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Commercial Development of Lipid Nanoparticle Reagents for Functional Genomics in Difficult-to-Transfect Cells In Vitro and In Vivo

  • Project Leaders: Pieter Cullis, Brian MacVicar
  • Institutions: University of British Columbia (UBC)
  • Budget: $500,000
  • Competition: Proof of Concept - Round 6
  • Genome Centre(s): Genome BC
  • Fiscal Year: 2013
  • Status: Closed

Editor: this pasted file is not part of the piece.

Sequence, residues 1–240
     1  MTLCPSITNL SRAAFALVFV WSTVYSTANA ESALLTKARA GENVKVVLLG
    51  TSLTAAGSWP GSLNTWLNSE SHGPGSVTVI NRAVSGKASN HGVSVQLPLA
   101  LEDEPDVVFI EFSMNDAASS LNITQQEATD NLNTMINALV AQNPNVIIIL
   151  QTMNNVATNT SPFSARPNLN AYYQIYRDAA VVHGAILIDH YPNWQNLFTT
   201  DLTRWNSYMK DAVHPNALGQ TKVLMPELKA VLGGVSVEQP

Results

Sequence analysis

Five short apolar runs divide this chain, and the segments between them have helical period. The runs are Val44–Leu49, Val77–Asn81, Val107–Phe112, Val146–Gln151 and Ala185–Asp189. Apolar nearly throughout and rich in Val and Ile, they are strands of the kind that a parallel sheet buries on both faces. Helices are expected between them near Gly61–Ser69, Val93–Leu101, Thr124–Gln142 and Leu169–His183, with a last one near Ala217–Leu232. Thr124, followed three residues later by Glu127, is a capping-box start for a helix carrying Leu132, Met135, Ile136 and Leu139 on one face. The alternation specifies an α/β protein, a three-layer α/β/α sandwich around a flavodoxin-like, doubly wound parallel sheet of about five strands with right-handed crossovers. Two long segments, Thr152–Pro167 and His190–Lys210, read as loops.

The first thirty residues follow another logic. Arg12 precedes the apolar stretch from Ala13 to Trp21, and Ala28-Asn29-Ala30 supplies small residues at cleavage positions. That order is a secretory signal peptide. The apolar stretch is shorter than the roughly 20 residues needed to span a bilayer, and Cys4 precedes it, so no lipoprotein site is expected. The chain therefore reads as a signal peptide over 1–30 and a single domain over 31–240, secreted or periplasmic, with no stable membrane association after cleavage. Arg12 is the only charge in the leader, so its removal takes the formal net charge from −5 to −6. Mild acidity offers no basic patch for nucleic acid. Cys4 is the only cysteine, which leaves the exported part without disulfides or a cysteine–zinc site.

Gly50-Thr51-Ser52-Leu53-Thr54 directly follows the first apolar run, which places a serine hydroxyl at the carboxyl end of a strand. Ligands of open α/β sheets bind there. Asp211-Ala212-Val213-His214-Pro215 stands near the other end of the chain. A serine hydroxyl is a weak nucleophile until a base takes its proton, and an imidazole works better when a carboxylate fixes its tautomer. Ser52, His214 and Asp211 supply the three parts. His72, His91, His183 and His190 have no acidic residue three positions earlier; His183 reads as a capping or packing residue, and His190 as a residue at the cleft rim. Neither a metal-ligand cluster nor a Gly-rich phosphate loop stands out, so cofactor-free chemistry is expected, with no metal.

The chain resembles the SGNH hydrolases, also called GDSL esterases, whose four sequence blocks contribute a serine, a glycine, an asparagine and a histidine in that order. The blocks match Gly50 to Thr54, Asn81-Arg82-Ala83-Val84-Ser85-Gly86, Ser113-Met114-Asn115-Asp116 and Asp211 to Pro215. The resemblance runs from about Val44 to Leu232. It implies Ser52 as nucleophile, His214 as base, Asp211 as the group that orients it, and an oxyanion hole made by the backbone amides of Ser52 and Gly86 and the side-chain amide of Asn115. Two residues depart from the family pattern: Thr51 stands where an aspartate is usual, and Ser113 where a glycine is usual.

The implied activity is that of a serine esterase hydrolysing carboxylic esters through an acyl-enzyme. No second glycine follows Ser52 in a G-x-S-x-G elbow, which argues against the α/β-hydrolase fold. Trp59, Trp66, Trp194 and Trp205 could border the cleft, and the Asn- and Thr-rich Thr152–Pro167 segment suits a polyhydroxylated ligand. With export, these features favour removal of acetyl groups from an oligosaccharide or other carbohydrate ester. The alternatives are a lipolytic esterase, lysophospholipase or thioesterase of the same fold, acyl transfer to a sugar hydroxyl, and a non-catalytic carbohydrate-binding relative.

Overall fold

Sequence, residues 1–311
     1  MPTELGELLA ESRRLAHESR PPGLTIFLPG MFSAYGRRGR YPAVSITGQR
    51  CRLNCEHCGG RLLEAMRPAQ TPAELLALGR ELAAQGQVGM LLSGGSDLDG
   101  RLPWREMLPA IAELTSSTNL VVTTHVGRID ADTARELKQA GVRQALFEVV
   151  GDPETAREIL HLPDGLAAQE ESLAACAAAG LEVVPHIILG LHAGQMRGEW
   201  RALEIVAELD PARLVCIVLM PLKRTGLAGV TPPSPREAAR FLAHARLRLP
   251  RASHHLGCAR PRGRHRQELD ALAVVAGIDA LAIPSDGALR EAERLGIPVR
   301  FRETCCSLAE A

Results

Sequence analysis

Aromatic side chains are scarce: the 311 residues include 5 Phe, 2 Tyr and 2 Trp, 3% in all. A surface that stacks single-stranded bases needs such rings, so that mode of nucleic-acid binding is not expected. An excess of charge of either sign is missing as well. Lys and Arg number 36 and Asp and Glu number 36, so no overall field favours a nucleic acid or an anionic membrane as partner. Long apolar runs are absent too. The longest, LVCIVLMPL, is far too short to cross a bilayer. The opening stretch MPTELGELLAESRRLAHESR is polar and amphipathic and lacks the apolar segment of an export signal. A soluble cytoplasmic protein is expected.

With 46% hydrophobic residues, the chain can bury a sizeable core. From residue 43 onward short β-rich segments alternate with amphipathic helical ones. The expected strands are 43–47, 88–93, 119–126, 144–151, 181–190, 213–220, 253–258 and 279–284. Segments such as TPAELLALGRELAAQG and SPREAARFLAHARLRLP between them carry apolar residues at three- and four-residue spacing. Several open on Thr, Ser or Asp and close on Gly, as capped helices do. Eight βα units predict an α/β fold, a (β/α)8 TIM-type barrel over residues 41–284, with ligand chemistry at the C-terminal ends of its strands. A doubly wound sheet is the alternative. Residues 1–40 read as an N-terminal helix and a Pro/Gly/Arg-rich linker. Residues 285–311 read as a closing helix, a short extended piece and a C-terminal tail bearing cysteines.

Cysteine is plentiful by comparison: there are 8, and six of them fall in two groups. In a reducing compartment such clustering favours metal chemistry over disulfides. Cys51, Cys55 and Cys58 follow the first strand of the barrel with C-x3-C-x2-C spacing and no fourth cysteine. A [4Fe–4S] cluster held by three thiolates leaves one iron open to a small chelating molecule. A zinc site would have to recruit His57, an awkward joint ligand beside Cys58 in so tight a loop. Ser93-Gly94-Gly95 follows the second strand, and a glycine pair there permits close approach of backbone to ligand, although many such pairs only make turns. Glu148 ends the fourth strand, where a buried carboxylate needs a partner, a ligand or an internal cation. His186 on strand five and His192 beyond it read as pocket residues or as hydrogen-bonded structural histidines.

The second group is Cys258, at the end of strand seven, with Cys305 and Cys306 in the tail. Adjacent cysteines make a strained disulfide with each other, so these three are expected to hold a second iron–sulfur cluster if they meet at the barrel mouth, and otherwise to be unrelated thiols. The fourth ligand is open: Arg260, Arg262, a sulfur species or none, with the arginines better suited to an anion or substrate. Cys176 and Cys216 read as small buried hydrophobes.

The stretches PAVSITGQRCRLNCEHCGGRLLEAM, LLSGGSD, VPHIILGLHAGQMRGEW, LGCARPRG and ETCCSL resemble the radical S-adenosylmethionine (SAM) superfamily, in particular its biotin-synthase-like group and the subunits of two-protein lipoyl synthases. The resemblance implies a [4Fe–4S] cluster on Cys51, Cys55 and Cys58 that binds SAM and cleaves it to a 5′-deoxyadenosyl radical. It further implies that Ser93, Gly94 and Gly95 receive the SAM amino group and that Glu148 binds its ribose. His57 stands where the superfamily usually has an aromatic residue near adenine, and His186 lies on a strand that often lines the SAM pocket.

There is a growing demand for new innovative technologies for use in “hard-to-transfect” cells such as primary cells and stem cells. Transfection tools are used routinely by 51% of life scientist surveyed. This market segment was valued at $1 billion in 2011 and is predicted to grow to $1.9B by 2016. The objective of this study is the commercial development of lipid nanoparticle (LNP) reagents for the delivery of nucleic acids to turn off or turn on target genes in “hard-to-transfect” primary and stem cells in vitro and in vivo. Specifically, the project will build on compelling preliminary data to accelerate the development of innovative products for the transfection of neurons, erythroid progenitor cells, hematopoietic cells and stem cells. The validation of LNP reagents as tools to manipulate gene function in these “difficult-to-transfect” cells will provide the basis for a suite of commercial reagent kits to address a substantial market need, as these cells are increasingly adopted by scientists to study normal and disease biology.